Friday 24 June 2016

More than just wine

Usually I am not that forgetful but after reading the information The Gourmet Wine Club sent to me on the Spanish winery Más Que Vinos and decided that it could be an interesting event, I forgot to rsvp for the dinner until the night before. Luckily, Alfred, the owner, was accommodating and even had me sat next to winemaker/owner Alexandra Schmedes. It turned out to be an very enjoyable evening.

Alexandra (in black) and partners Margarita and Gonzalo
Alexandra is German. While working at a winery restaurant in Constantia in South Africa, she decided that she wanted to change career so walked across to the cellar and started learning wine. Since then, she has made wine in France and Italy. She moved on to Spain in 1998 and met Margarita Madrigal and Gonzalo Rodriguez. The three winemakers, at that time consulting to various wineries, decided to make their own wines and created their brands using local varieties in Castilla La Mancha, a winegrowing region that was underestimated and with a poor reputation for quality wines. Más Que Vinos (more than wine in English) was thus born in 1999.

Castilla La Mancha is a plateau south of Madrid which extreme continental climate and producing nearly half of Spain’s wine. It is the home of Airén, the most widely planted grape variety in Spain and one of the few grapes that can cope with the extreme cold and dry conditions of the Meseta (plateau). A neutral variety, the majority of Airén is used in brandy production. Therefore, one could imagine the challenges Alexandre and her partners faced to make quality wine there.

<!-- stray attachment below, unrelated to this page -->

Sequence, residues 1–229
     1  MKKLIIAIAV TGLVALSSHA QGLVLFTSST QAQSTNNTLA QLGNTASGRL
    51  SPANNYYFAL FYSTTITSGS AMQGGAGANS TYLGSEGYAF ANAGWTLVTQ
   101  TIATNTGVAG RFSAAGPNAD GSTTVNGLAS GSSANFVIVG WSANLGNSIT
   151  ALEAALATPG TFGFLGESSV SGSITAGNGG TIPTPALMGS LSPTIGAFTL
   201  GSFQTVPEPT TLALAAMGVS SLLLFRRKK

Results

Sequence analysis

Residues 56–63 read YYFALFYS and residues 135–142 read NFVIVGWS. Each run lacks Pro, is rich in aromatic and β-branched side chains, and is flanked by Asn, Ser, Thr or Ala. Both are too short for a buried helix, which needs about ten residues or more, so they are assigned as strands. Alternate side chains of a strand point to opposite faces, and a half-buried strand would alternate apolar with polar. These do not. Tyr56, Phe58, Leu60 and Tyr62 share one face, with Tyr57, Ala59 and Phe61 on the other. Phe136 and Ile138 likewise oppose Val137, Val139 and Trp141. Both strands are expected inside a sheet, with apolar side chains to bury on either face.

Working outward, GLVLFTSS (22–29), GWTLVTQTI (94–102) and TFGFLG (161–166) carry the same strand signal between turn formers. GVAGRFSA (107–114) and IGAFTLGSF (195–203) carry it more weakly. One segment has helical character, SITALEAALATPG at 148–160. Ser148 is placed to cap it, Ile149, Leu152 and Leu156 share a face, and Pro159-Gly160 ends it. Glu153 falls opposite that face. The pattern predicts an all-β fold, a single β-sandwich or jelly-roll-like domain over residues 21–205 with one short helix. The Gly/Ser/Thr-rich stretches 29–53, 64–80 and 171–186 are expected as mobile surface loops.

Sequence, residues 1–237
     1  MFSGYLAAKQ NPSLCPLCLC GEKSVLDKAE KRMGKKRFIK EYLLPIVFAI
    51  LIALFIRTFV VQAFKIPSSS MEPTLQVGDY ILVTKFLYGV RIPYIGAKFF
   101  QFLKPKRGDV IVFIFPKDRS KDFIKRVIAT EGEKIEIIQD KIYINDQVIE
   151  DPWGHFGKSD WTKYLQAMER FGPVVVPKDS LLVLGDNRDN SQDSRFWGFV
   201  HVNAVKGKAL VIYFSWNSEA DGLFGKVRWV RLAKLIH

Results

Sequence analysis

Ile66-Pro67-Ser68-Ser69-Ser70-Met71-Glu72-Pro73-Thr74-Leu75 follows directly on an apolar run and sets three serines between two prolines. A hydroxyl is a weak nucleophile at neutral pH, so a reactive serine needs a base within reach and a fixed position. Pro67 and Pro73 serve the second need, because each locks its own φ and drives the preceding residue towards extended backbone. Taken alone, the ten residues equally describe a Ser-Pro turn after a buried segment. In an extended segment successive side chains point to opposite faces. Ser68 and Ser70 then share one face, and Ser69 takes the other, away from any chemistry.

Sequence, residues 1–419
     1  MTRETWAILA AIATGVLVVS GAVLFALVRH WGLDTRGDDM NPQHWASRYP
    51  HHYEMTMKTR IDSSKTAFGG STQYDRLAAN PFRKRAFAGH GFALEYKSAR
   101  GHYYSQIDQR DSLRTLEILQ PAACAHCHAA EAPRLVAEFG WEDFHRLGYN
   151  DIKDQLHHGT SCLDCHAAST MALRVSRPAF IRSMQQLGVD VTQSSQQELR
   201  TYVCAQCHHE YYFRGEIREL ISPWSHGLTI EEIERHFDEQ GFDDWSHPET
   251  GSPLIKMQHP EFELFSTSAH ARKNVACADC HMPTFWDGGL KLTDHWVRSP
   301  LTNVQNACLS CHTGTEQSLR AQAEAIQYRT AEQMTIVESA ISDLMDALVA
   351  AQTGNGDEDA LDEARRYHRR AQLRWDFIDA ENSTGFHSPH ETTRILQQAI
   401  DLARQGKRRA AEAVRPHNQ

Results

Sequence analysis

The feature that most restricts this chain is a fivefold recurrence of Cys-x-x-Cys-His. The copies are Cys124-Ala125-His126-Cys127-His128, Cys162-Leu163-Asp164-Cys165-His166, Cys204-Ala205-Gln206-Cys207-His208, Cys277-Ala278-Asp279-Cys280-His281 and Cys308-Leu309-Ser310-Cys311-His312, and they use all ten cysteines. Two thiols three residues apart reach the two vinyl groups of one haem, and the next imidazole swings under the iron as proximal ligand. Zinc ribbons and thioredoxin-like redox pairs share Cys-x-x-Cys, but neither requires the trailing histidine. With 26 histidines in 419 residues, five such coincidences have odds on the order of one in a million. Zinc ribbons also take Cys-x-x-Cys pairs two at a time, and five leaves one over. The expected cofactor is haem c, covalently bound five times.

Their efforts paid off. Careful management of old bush vines (some over 80 years old), restricting the yield to less than 4 tons/ha, organic farming, fermenting grapes in amphorae some dating back to 1851 thanks to Gonzalo’s family and the subtle use of oak result in wines that are expressive and balanced.

Ercavio is their first brand consisted of a Blanco (white) made from 100% Airén, a Rosado (rosé), Tempranillo Joven and Tempranillo Roble all made from 100% Tempranillo (known locally as Cencibel). The name Ercavio is derived from Ercávica, a Roman city in Castilla La Mancha where wine was made some 2,000 years ago. We tried the Blanco and Tempranillo Roble. Both were pleasant. The Blanco was particularly impressive and definitely a different league from the many mediocre Airéns in the market. The Tempranillo Roble was aged only six months in two years old French barrel to spice up the wine without overpowering the fruits. I also like the labels, each with different colour wine drops to indicate the style of wine. To illustrate, Tempranillo Joven with no oak treatment has brighter red drops to emphasise the vibrant characters, while Tempranillo Roble’s is darker purple drops that match with the added complexity. The labels stand out, are user-friendly and effective. With retail price at around $100/bottle, I believe Ercavio could breakdown the barrier and attract occasional drinkers to enjoy more wine.